Title: Operation Thunderbolt
Author: Saul David
On June 27, 1976, a group of Arab and German terrorists hijacked Air France flight 139 en route from Tel Aviv to Paris. the plane was diverted to Entebbe Airport in Uganda, where the terrorists demanded the release of fifty-three “freedom fighters” in Israeli, Kenyan, and European jails in return for the safe release of the 253 passengers and crew. Idi Amin, whose murderous rule of Uganda was then in its fifth year, made no attempt to intervene, because he was colluding with the terrorists.
After most of the non-Israeli hostages had been released, Israel faced an impossible choice: give in to the terrorism or risk a rescue that had a high chance of failure. In the wake of the massacre of eleven Israeli athletes at the Munich Olympics, this decision was almost incalculably difficult.
As Saul David recounts in this brilliantly researched and utterly convincing reconstruction of the planning and execution of one of the most complex Special Forces missions ever, Operation Thunderbolt required more than just tactical audacity. In a mere two days, three of the most important men in Israeli history—marshaled resources, secured necessary international partners, and masterminded the raid that would astonish the world.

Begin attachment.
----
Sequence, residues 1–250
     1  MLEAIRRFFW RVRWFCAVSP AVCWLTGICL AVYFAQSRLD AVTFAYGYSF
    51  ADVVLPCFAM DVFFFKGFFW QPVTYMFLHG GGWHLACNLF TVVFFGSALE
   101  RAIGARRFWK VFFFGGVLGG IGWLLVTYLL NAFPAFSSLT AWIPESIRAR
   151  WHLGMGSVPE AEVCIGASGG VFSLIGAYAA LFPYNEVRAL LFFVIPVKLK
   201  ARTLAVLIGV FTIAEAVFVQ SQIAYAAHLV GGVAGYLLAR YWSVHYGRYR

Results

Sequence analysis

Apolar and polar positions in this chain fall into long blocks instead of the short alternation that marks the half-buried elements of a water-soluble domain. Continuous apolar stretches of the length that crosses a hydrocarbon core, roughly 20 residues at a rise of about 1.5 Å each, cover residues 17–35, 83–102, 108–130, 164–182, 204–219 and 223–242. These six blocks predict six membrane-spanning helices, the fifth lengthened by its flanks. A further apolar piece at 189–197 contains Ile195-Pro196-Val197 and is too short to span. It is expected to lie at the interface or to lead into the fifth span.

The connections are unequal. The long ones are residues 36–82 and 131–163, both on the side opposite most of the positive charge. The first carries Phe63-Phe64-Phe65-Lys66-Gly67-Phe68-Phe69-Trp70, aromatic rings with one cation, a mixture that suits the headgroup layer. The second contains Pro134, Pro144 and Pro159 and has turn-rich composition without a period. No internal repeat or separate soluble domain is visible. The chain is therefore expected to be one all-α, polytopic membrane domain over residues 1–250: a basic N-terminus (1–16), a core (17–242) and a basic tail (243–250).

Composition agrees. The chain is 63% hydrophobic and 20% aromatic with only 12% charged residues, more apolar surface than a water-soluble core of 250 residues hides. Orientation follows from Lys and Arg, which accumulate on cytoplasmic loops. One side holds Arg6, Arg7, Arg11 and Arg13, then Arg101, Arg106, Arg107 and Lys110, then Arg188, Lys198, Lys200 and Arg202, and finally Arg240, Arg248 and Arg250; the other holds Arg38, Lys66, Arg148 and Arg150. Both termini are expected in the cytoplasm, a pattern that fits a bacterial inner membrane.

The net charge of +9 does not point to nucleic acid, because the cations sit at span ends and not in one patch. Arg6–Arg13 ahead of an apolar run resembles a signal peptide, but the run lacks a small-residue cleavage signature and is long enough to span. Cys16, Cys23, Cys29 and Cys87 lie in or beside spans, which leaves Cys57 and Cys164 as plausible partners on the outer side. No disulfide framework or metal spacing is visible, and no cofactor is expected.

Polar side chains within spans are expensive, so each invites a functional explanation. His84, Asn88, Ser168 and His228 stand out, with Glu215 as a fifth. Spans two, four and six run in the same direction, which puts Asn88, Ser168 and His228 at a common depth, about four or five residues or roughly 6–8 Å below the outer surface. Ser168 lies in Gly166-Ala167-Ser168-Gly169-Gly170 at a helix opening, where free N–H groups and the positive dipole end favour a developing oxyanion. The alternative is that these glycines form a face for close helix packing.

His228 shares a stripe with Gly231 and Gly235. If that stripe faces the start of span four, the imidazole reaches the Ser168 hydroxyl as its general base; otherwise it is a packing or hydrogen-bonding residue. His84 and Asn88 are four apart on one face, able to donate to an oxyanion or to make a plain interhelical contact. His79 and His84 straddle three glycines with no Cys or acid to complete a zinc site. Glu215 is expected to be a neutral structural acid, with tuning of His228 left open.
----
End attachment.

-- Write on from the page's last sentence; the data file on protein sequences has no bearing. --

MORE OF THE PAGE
Operation Thunderbolt gives us the first comprehensive account using classified documents from archives in four countries and interviews with key participants, including Israeli soldiers and politicians, hostages, and a former terrorist. The result is an engrossing and thrilling read that brings to life the role that ingenuity and bravery can play against even the most impossible odds and the most committed opponents.